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Cool Season Grasses:

Bent Grass

Creeping bent grass (agrostispalustris) was originally cultivated for use on golf course greens. The main advantage, especially for greens, is that it tolerates extremely close mowing. In fact, if creeping bent grass is not mown close and allowed to grow to a normal height found on most homes, it takes on an shaggy appearance.

Creeping bent grass does not tolerate hot, dry weather, nor cold winters.

 Kentucky bluegrass

Kentucky bluegrass is the most common cool season grass and probably the best known. Kentucky bluegrass creates a high quality lawn. It has been around for many years and is now available in many different blend formulations. Kentucky bluegrass has a moderate growth pattern and does spread and will fill in bare spots. The grass will go dormant in hot, dry weather as well as during the cold winter month’s common in North America. It does poorly in extremely shady areas. Not recommended for extremely hot climates and will require supplemental irrigation during hot, dry periods.

Kentucky bluegrass develops a shallow root system that is not drought tolerant and will go dormant during extreme conditions. If given intermittent watering during prolonged drought conditions, it will come back.

Perennial Reygrass

Common perennial reygrass germinates quickly and can be used as a temporary ground cover while the slower growing bluegrass plants take hold. In warm climates it is used as an overseed to maintain winter green in the lawn after the warm season grasses go dormant, however, it will not survive the summer heat. The ryegrasses are best adapted to moist, cool environments where temperatures are not extreme in the winter or summer.

Warm Season Grasses

Warm season grass, resistant to drought, disease and insect attacks.Will survive in a variety of soils from sandy to clay and other infertile, dry soils.Requires some maintenance. The grass will thin out over time and has a low tolerance to many weed control herbicides. Vigorous growing habit requires frequent mowing during hot weather. It has a coarse blade and is not suitable for soils with high a PH. Bahia is drought resistant turf. It does well in lawns and along highways, and its best used in sunny areas in warm humid regions. Its roots can extend up to 8′ deep.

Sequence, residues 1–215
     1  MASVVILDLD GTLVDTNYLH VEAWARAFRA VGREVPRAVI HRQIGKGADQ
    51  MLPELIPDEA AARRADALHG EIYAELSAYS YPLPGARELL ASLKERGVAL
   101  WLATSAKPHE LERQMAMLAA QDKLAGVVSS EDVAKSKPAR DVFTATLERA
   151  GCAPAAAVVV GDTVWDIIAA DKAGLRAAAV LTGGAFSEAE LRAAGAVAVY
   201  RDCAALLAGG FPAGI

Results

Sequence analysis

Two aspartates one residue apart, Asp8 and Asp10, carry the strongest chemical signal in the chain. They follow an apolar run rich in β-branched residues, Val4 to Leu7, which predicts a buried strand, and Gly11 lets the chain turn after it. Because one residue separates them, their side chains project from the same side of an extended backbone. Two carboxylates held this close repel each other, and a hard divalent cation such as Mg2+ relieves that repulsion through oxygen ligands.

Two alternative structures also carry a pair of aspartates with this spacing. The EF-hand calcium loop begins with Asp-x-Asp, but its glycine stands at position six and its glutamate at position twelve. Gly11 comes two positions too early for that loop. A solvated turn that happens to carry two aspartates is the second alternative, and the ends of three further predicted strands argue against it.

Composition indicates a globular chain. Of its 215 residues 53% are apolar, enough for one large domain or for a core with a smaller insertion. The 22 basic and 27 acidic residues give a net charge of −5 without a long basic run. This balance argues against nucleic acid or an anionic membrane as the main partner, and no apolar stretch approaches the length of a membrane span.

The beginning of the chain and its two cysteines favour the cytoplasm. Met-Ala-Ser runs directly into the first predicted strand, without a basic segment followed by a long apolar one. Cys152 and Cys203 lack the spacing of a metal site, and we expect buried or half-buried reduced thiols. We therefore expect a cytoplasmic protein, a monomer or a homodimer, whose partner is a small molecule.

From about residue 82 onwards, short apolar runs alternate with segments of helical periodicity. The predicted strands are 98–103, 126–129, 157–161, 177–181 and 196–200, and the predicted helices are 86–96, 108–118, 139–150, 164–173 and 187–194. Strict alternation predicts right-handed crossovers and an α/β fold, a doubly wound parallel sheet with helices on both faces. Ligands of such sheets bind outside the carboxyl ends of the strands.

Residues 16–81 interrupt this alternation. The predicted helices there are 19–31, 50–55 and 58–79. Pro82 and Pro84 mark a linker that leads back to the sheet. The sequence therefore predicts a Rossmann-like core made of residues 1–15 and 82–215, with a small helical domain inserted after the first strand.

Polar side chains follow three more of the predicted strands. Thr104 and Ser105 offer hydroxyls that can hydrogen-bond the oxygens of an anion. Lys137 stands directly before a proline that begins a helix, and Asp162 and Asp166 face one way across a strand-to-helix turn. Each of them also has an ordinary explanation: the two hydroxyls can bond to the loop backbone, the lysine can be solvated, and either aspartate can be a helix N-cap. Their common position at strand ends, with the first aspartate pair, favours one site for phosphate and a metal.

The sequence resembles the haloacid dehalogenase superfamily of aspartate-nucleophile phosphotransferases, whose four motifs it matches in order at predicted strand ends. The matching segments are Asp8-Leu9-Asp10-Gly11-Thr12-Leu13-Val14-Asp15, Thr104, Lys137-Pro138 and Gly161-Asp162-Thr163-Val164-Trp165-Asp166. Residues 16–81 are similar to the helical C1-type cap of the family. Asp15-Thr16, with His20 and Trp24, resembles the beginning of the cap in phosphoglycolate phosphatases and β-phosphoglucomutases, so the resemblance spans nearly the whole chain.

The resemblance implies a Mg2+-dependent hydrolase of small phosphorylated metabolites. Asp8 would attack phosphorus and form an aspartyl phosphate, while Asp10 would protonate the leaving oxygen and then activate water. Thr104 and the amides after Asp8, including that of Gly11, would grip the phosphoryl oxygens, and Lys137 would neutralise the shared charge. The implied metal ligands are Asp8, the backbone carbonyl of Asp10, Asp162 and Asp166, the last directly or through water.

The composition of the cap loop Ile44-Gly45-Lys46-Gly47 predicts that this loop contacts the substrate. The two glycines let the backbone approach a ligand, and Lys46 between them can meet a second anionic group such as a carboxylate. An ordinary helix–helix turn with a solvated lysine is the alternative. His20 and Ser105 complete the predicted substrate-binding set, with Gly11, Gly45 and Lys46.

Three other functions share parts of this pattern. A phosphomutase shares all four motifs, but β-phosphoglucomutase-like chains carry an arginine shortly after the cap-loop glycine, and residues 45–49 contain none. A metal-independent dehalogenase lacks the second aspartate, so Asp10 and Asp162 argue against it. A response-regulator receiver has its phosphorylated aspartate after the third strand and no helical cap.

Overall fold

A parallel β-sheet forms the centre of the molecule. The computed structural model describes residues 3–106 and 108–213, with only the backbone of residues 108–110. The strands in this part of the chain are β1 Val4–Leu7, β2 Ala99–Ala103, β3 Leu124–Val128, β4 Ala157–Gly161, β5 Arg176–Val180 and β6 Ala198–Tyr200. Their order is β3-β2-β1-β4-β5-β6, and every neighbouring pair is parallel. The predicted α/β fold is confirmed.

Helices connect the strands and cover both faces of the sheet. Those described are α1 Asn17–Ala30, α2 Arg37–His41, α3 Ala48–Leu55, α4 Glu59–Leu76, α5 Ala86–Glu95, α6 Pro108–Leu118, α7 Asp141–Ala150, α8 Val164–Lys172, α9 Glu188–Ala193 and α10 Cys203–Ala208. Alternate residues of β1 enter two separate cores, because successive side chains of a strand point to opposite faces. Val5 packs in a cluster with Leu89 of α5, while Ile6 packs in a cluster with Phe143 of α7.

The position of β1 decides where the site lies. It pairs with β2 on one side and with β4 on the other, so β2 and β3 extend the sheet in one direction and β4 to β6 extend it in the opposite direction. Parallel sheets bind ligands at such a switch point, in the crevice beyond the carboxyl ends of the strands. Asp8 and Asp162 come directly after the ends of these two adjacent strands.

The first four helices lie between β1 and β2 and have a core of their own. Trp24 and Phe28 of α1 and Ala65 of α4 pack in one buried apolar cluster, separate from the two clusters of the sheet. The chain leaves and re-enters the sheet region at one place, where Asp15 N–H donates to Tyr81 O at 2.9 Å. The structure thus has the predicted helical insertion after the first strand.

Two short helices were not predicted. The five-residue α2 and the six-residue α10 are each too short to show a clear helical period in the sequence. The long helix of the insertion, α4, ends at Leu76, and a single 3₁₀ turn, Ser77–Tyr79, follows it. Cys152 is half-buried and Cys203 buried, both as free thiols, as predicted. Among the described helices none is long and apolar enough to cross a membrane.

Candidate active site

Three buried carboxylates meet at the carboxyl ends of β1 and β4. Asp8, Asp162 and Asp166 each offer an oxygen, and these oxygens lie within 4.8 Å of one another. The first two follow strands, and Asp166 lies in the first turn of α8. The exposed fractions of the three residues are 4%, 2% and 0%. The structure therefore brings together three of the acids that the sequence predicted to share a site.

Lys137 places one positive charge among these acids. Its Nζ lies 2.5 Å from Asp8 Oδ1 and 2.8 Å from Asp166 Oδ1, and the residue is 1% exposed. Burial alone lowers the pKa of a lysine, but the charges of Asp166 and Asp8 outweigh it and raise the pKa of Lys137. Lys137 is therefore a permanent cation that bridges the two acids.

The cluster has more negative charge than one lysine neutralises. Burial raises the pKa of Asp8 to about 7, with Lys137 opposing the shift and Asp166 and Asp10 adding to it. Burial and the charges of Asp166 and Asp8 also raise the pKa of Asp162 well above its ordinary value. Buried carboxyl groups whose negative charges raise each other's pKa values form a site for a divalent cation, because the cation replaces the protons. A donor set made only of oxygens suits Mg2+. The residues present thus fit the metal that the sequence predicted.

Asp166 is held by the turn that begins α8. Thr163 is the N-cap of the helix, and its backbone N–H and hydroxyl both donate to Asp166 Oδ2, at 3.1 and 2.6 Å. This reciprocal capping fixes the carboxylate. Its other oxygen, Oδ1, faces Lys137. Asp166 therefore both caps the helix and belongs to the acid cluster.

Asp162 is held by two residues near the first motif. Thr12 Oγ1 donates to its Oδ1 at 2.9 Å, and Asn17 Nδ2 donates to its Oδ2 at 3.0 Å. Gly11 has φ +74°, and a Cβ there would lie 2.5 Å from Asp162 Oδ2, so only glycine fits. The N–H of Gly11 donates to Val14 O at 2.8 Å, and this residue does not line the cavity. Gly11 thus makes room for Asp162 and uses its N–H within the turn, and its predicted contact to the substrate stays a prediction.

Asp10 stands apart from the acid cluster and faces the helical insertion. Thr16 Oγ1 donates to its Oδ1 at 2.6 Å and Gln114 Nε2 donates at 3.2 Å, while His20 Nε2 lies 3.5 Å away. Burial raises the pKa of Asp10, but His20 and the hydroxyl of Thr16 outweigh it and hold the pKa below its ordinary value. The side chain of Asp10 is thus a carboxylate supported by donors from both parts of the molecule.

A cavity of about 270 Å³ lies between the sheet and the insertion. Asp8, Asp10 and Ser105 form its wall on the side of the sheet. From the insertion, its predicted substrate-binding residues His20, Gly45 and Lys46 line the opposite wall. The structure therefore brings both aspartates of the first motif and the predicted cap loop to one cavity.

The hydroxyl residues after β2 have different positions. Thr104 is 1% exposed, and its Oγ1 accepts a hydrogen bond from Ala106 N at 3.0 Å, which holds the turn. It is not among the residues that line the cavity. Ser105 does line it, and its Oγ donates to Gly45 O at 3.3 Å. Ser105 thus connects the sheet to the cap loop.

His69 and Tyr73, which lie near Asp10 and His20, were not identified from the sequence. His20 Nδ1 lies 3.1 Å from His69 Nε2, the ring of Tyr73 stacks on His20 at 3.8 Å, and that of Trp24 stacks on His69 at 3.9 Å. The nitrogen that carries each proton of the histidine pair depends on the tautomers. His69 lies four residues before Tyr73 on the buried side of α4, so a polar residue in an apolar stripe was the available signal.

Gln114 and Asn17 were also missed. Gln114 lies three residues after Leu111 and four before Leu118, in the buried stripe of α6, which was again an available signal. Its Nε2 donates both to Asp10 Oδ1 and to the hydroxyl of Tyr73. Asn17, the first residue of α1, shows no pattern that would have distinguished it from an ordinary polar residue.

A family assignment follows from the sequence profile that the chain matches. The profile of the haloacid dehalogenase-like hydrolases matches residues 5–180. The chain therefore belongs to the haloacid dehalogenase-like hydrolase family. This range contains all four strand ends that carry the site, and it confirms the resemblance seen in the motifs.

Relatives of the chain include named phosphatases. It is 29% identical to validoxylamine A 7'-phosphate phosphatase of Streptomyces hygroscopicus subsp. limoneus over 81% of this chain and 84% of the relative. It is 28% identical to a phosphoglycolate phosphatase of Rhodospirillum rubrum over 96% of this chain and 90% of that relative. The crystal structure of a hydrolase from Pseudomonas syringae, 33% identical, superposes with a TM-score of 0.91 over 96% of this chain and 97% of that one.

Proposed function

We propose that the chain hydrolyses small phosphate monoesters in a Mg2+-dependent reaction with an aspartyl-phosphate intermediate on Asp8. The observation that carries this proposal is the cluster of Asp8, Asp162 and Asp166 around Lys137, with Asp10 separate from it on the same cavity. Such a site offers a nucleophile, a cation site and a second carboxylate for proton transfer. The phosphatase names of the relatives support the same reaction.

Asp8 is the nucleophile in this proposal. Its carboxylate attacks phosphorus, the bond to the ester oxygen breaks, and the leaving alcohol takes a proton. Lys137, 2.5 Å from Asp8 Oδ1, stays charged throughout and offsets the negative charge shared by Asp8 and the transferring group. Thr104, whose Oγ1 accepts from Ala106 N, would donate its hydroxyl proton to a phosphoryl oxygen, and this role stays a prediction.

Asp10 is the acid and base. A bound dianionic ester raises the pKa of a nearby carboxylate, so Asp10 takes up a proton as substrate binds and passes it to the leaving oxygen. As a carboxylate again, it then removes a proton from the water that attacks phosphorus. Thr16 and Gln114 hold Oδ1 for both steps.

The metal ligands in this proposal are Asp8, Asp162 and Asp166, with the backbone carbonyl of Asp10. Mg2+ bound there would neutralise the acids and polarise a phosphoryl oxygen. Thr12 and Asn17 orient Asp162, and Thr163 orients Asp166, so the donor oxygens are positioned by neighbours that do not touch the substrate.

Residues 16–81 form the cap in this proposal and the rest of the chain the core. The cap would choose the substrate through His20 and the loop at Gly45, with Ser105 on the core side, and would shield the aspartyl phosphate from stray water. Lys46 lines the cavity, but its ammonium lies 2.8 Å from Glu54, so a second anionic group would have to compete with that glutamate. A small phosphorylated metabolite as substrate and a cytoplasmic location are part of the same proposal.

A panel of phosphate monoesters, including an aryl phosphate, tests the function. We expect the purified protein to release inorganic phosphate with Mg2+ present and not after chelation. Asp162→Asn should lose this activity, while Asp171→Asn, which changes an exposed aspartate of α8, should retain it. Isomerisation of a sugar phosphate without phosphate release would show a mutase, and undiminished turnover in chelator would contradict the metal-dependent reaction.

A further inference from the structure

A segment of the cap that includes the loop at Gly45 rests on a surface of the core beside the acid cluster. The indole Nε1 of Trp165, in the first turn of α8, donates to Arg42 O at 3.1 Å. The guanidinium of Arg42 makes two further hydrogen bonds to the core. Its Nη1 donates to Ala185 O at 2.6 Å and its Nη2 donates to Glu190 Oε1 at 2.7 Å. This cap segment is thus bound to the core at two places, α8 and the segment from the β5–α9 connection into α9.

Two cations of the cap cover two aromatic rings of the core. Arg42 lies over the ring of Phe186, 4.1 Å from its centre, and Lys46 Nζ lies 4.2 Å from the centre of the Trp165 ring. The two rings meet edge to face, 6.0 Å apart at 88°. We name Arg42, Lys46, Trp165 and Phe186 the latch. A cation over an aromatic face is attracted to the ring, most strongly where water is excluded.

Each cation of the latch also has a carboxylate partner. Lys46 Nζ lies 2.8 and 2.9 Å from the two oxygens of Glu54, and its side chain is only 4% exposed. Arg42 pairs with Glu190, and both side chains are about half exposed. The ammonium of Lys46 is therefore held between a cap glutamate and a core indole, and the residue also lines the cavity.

Bahia survives in level areas with no irrigation, but often fails on sandy embankments. It can also be ruined by excess watering, when none is required, and by excess fertilization. Bahia grass normally goes semi-dormant during winter, yet people sometimes fertilize and water it to keep it green in winter, and thereby encourage weed populations.

There are no post-emergence herbicides for grassy weeds in Bahia, which is a problem. Most weed problems in Bahia could be avoided by proper seed establishment and timely mowing.

 St. Augustine

St. Augustine is often the most popular choice for lawns throughout southern United States. Especially in coastal regions where cold temperature extremes are moderated by oceanic climatic conditions. St. Augustine is native to the Caribbean, Africa and Mediterranean regions, and best adapted to subtropical climates.

Good for coastal regions, thrives in heat, does poorly in cool climates. Excellent to fair under drought conditions.Moderately good under heavy foot traffic.Somewhat shade tolerant.Can be used in moist, semi-fertile soils. At the moment, most common installation method is sodding or plugs; seeds are very difficult to obtain if not impossible. St. Augustine is a big thatch producer, more so than other types of grass. It also requires plenty of moisture and is best suited to humid regions.Susceptible to fungal diseases.


Zoysia are warm season grasses native to China, Japan and other parts of Southeast Asia. In the U.S. it is used in southern California as a low growing ground cover.

Zoysia is extremely drought tolerant. Although it does turn straw colored under severe drought conditions, it has the capacity to respond to subsequent irrigation or rainfall. Its water requirements are similar to those of Bermuda. The leaf blades of Zoysia are among the first to roll under drought conditions, thus it tends to conserve moisture more effectively than other species. Zoysia also has a deep root system allowing it to more effectively extract water from greater soil depths.

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